Conan Gray on Coachella, his new album 'Superache,' and why it's 'mean' to keep texting your ex

·9 min read
conan gray press photo
Conan Gray is a 23-year-old singer-songwriter.Brian Ziff
  • Conan Gray recently spoke to Insider about his "revealing" new era of music.

  • The singer is set to perform at Coachella on the heels of his latest single "Memories," out Friday.

  • "It felt like scraping my ribs of anything left that I had to say," he said of his sophomore album.

Even with nearly six million followers on Instagram, over 17 million monthly listeners on Spotify, and cosigns from the likes of Elton John and Taylor Swift (who called one of his songs "ethereal" and another "a masterpiece"), Conan Gray still can't believe that his music inspires feverish devotion.

"Even to this day, I'm stunned that anybody cares," the singer-songwriter told Insider, mere days before his prime-time appearance at Coachella, the world's most famous music event.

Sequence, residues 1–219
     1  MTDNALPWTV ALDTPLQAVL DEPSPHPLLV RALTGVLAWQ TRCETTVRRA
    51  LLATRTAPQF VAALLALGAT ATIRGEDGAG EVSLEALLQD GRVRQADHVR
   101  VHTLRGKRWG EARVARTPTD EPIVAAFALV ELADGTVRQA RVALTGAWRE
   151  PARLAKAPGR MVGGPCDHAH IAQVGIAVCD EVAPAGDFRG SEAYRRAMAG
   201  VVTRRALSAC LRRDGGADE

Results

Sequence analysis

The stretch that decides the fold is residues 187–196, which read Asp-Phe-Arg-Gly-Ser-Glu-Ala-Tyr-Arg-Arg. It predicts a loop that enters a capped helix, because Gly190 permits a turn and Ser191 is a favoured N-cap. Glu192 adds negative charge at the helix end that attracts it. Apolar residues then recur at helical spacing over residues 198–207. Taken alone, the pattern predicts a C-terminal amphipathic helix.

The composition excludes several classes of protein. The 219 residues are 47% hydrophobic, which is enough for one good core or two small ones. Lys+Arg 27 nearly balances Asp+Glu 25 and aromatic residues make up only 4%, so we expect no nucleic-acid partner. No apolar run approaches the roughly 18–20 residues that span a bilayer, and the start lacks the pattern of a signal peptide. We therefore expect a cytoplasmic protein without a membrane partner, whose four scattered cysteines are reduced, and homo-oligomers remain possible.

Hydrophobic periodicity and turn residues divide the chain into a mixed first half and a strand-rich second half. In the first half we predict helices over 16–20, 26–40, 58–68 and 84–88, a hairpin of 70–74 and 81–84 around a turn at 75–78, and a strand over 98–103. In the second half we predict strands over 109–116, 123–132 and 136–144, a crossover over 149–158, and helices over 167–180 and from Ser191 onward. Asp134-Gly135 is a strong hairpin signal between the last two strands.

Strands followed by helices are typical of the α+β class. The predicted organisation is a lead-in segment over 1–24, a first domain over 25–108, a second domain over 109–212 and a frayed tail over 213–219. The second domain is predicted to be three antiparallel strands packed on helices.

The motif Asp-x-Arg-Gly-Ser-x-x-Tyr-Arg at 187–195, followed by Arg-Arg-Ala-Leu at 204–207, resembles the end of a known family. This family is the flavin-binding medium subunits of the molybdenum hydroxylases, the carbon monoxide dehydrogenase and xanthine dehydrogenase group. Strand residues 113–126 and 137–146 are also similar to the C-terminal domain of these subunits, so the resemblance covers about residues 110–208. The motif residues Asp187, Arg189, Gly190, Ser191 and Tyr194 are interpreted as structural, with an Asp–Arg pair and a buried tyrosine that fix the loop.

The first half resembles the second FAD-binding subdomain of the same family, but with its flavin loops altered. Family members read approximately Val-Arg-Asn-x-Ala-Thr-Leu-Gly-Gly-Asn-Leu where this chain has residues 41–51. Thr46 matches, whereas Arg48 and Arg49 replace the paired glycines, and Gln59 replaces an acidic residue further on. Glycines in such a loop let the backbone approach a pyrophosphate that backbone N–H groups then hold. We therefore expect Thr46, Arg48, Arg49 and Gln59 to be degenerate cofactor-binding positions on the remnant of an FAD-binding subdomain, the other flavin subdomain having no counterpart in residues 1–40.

Even through his denial, however, Gray can sense the importance of this moment.

He will take the stage in Indio, California on the heels of his latest single, "Memories," which was released on Friday. The song precedes his much-anticipated sophomore album "Superache," due in June.

Gray even created a limited-edition piece of merchandise for the festival's first-ever Amex Artist Shop to commemorate his performance: a watermelon-colored crewneck with the words "your sweater" embroidered on the front, a nod to his hit single "Heather."

The tender ballad, which has been whole-heartedly embraced by critics and TikTok teens alike, sees Gray yearning for a high school-era crush who was in love with someone else: "You gave her your sweater, it's just polyester / But you like her better / Wish I were Heather."

Gray spoke with Insider about the song's enduring appeal, the "revealing" nature of his forthcoming album, and why you definitely shouldn't text your ex.

Can you tell me how you came to partner with Amex for this exclusive merch item and what inspired the design?

Absolutely. It's Coachella weekend so I wanted to have a really fun, special experience with the fans and with the song "Heather." Obviously, it's about a sweater, so I wanted to make an exclusive sweater for Coachella weekend. I thought it would be nice.

I'm going to be partnering with Amex to make the first-ever Amex artist shop. And it's going to be really fun for all the card members.